Dewey, John. Kindle Locations 5376-5379.
To my forgotten colleague who pressed Dewey upon me, thank you for the suggestion. I spent a rewarding weekend immersed in the philosophical support for College to Careers.
2 thoughts on “Philosophical Careers”
I would argue (hypothesize) that there is a high correlation between socioeconomic factors or which school you attend and the successful transition into the working world with a liberal arts degree. Meaning the degree may be secondary to where it came from. Case in point: my cousin graduated from Harvard with a degree in Political Science and went immediately to Wall Street where he eventually became a Managing Director at an investment bank. Not bad for the son of a public school librarian and a bus mechanic. I do not think they hired him because of his political abilities or knowledge, but rather because he was really smart and could navigate conversations on a wide verity of topics, or said differently, could fit in with affluent customers and associates. I do believe there is great value in a Liberal Arts education, but you have to be in the proper circles for it to be valued. If you look at Maslow’s Hierarchy of needs, I would place Liberal Arts squarely at the top with self-actualization and Career focused education somewhere between the safety of employment and self-esteem and achievement.
When did the division between intellectual labor and manual labor become so drawn in debates over vocational education versus a liberal arts education, and how is it that intellectual labor should always be privileged above manual labor?
An article I read a while ago (and which I cannot locate just now) points out that while extreme examples of intellectual and manual labor can be found at either end of the employment spectrum – from theoretical mathematics with (as yet) no real-world application to soul-crushing ditch digging – the fact is that most of the jobs that keep society functioning require a blend of intellectual and manual labor. (The article also points out that there are plenty of soul-crushing office jobs that are mindlessly repetitive.) Clearly, an auto mechanic must use abstract reasoning to diagnose and repair a car – let alone run a business – and charge a fair price for work performed. It is easy to imagine how courses in business law and ethics could enhance the vocational education of a mechanic.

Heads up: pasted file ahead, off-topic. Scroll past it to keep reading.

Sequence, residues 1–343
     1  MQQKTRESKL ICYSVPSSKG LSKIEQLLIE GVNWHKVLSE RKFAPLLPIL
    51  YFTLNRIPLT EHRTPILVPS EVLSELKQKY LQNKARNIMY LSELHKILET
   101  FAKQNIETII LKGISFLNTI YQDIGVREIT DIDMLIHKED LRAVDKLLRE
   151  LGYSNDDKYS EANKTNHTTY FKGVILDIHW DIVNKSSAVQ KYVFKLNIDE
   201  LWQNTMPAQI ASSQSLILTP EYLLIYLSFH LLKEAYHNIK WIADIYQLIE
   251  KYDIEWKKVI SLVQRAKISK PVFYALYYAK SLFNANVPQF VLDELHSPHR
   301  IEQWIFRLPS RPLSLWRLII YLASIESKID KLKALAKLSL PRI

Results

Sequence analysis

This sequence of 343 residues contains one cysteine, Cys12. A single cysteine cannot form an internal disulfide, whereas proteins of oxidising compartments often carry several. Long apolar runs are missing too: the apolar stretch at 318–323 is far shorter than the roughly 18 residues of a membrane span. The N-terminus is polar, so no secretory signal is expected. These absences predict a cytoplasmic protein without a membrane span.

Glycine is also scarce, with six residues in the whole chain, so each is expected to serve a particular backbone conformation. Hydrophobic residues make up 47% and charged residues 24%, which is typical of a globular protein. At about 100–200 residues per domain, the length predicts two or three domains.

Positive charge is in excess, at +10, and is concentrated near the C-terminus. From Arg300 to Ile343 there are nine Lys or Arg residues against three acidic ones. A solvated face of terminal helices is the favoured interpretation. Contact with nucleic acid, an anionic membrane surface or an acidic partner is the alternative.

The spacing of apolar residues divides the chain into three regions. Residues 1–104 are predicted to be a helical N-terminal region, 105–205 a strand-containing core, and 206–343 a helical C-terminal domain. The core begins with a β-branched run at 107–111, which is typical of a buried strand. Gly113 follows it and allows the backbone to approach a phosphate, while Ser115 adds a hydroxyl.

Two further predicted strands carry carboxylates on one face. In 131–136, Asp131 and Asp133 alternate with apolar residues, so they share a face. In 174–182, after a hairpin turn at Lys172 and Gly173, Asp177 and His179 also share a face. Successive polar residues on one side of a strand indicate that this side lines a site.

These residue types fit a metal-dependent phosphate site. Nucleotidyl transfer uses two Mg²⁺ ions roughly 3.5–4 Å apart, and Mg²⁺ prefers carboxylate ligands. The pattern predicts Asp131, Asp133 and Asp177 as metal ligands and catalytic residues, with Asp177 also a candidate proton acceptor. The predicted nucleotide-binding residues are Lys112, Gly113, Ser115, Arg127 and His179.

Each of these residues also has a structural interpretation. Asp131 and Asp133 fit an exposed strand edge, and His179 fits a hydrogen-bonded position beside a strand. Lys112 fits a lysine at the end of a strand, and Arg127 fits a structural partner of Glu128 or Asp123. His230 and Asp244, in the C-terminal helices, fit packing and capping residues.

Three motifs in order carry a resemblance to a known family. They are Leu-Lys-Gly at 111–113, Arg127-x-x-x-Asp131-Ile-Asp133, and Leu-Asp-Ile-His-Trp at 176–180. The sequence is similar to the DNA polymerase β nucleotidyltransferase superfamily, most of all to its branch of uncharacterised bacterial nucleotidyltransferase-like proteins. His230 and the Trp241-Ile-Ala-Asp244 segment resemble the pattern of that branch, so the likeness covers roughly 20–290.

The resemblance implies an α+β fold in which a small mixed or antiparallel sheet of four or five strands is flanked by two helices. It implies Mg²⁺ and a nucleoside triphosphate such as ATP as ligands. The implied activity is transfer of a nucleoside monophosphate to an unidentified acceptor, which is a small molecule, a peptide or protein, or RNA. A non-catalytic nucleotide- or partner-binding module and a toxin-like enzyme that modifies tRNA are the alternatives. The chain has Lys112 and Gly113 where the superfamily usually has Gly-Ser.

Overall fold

In my twenties I bought and drove a used Pontiac Phoenix. I knew it needed a few things – like new tire rods – and I was willing to make minor repairs as needed until I had saved enough to buy a better car. I took that car to an area mechanic on three separate occasions. He was a big older man who spoke with thick, old world accent. Twice while I paid for the repairs, he sized me up in the oddest way. The third time I took the car in for repairs he performed a quick inspection, returned from the garage, and stood in the middle of the waiting room, regarding me. I stood up. “Look. I cannot tell you what to do,” he said. “It is for you to do. But you will die in this car.”
After my startlement passed, my heart leapt.
I ditched the Phoenix.
The mechanic dealt with me in good faith and in a way that went far beyond mere “brutish” repair work. Now, no single course in ethics – or even an entire degree in philosophy – can guarantee that all mechanics will conduct their businesses in good-faith, but the point about how most jobs that keep society functioning require a blend of manual and intellectual labor should be clear. And this observation serves as a transition to Paul’s comment.
It seems to me that all things being equal, both vocational and liberal arts degrees can be situated squarely in the middle of Maslow’s hierarchy. Or both can be placed at the top. That is to say, there isn’t anything inherent in the credentials or the skill set that ensures one will attain self-actualization. I realize that Paul is not suggesting any such thing, and I mention this only to remark – as Paul does – on how the liberal arts degree (Sometimes? Often?) appears to rest upon the lower, presumably secured elements of Maslow’s hierarchy so that the opportunity costs of attending college are no longer a factor affecting choice in obtaining the degree.